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Oct. 1 marked the unhappy anniversary on which former Gov. Jennifer Granholm signed a temporary income tax hike into law. Today, one decade later, Michigan workers are still paying on that tax hike with no end in sight.

Rewind to October 2007. Michigan faced an economy in freefall and a state budget in crisis. It was a perfect storm — the kind that so often leads policymakers to hike taxes. And that’s what happened. Granholm and legislative leaders hammered out a deal that resulted in one of the largest tax hikes in Michigan history, roughly $1.5 billion.

Job providers got hit with a 22 percent surcharge on top of the already burdensome Michigan Business Tax. Workers saw 4.35 percent of their earnings go to state government, up from 3.9 percent for an estimated $760 million in new revenue.

At the time, policymakers assured workers the increase would only be temporary. The rate would roll back down beginning in 2012, and it would hit 3.9 percent again by 2015. By then, lawmakers figured, the Michigan economy would be well on its way toward a full recovery. With more workers working and paying taxes on their income, rates could again be lowered for everyone.

It’s fair to note that this was an easy — possibly even disingenuous — promise for Granholm and others to make back in 2007. Due to Michigan’s strict term limits, few who voted for the tax hike would hold office when the rate rolled back down. None of them would have to decide whether to keep their promise or keep the extra revenue.

Whatever their intentions, by 2011 a newly-elected governor and a mostly new House and Senate broke the promise made to taxpayers four years prior. To their credit, they started the tough job of undoing Granholm’s tax hike with legislation that reformed and reduced taxes on job providers. Unfortunately, at the same time the personal income tax rate was locked in at an only slightly reduced 4.25 percent.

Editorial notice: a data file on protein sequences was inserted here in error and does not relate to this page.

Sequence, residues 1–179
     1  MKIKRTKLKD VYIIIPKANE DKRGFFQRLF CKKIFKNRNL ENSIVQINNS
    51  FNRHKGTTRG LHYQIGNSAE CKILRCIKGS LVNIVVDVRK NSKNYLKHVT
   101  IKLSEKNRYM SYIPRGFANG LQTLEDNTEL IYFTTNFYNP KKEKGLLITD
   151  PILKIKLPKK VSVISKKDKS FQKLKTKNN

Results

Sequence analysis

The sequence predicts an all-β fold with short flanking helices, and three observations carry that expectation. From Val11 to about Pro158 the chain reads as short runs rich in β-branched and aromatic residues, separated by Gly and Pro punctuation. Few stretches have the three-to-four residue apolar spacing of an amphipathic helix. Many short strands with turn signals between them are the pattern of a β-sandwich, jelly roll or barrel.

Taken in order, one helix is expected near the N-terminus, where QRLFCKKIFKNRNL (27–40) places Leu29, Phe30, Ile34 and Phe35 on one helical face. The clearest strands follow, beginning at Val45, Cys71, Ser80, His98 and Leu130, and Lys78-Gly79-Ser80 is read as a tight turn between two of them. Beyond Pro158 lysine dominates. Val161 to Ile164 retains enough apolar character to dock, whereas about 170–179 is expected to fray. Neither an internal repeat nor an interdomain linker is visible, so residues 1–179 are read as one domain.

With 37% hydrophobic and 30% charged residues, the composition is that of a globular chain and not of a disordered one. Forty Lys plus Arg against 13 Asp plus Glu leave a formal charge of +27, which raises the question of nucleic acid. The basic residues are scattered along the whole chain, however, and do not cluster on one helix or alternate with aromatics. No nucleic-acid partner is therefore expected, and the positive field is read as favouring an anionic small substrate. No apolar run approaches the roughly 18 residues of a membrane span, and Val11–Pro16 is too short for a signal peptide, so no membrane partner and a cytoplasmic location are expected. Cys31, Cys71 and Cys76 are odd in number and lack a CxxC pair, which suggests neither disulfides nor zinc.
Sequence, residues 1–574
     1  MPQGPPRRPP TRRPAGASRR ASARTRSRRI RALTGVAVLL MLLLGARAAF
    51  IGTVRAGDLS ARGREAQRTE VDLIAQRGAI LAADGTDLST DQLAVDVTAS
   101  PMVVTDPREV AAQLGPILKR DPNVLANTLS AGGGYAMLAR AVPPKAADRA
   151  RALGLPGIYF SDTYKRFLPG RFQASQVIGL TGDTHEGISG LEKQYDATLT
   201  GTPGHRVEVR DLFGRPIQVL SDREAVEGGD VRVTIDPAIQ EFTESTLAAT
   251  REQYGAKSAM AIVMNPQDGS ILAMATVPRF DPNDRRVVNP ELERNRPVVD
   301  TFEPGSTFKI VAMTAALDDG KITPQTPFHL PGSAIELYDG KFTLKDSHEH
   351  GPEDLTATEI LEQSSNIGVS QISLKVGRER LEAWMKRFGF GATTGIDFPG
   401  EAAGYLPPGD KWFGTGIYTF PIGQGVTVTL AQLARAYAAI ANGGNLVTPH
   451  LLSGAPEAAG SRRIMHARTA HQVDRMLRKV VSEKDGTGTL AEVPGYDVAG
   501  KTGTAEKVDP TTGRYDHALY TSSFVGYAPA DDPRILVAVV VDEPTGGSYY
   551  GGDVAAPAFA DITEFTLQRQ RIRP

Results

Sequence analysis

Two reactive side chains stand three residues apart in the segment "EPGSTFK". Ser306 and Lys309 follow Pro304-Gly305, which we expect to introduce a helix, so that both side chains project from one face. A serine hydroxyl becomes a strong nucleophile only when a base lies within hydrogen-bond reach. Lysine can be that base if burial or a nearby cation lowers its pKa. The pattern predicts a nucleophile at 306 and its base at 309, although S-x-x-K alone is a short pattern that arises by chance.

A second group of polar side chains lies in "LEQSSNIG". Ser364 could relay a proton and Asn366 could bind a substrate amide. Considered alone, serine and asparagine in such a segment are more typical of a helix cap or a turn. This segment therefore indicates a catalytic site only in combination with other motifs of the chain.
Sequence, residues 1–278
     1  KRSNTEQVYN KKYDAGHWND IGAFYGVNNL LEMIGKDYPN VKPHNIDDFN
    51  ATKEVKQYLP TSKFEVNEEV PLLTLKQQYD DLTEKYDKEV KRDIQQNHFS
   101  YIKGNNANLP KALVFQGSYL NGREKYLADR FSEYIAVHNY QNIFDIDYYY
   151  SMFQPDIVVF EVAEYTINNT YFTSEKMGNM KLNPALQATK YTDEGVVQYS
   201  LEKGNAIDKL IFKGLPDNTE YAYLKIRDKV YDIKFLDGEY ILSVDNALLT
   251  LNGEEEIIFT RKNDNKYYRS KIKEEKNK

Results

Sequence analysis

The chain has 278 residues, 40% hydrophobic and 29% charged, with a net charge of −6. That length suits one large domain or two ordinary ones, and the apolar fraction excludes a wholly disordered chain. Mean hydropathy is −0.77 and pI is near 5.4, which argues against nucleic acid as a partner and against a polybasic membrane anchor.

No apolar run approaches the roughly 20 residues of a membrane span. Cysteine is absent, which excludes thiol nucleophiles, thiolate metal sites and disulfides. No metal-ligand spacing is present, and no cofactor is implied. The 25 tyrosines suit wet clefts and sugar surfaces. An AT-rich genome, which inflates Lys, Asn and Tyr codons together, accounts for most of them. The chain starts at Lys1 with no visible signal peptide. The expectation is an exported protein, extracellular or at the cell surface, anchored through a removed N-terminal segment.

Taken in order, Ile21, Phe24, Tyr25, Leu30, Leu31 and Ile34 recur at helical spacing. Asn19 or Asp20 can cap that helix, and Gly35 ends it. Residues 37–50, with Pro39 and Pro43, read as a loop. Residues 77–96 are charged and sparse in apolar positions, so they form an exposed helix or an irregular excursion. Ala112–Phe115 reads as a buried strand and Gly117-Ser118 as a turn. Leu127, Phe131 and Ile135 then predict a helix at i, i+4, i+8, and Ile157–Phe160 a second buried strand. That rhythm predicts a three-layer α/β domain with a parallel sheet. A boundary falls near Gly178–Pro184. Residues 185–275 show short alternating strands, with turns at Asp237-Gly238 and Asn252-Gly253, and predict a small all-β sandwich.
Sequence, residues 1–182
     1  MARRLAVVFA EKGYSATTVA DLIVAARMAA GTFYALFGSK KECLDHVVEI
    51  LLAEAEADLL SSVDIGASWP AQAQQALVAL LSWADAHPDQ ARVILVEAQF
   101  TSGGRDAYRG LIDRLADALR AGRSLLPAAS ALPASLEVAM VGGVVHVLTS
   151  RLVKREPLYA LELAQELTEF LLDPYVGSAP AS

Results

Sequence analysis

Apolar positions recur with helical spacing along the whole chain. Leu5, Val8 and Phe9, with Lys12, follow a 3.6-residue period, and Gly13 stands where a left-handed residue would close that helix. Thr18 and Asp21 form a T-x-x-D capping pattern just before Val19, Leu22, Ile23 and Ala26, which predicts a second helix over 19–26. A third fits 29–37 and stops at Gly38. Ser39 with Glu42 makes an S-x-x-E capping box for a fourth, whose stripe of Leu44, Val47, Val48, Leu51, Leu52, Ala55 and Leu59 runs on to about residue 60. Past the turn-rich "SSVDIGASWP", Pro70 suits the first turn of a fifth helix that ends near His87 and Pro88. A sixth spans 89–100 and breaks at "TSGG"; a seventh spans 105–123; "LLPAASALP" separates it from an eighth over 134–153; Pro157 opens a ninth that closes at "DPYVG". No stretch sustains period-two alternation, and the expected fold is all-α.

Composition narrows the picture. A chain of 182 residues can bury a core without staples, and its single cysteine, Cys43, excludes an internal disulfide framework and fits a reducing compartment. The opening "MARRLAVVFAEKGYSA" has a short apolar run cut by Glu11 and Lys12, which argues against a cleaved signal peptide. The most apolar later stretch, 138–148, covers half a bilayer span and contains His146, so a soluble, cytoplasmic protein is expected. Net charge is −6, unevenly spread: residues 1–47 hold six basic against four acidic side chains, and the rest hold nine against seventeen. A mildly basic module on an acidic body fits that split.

Which brings us to today. While Gov. Rick Snyder and the current Legislature didn’t ever make the promise to deliver tax relief, they have shown a tremendous willingness to correct for the mistakes of the past. Business tax reform, right to work and pension reform are just a few examples of the tough policy issues tackled. Cutting income taxes could be the crowning achievement of this legacy.

Reducing business taxes so job providers could invest in hiring more workers was a bold and necessary step. Along with labor reforms, it sparked Michigan’s economic turnaround. The results have been impressive. At 5 percent, our unemployment rate stands at one-third of its 2009 high. In April, auto manufacturing jobs hit 946,300, an impressive climb from 2009’s low of 600,000. Michigan has been adding jobs faster than the national average.

Like most anniversaries, this one is a good time to remember how we’ve erred, how we’ve succeeded, and how we can strive to do better.

Pete Lund is state director of the Michigan chapter of Americans for Prosperity and former whip in the Michigan House of Representatives.

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